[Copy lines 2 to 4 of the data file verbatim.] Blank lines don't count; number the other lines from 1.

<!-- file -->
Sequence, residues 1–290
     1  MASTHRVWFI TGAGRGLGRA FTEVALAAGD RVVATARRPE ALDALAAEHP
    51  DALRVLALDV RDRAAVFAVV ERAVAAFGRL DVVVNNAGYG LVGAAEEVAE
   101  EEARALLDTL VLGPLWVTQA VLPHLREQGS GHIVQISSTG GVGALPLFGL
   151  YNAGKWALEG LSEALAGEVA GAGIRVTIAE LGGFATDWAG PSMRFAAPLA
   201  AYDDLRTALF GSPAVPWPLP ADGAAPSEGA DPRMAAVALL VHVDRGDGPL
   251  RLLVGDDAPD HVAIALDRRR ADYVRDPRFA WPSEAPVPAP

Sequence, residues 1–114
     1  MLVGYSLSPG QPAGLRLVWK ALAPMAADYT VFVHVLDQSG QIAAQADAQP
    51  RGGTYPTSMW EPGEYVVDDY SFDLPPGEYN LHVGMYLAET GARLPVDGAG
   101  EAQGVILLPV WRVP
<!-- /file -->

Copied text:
     1  MASTHRVWFI TGAGRGLGRA FTEVALAAGD RVVATARRPE ALDALAAEHP
    51  DALRVLALDV RDRAAVFAVV ERAVAAFGRL DVVVNNAGYG LVGAAEEVAE
   101  EEARALLDTL VLGPLWVTQA VLPHLREQGS GHIVQISSTG GVGALPLFGL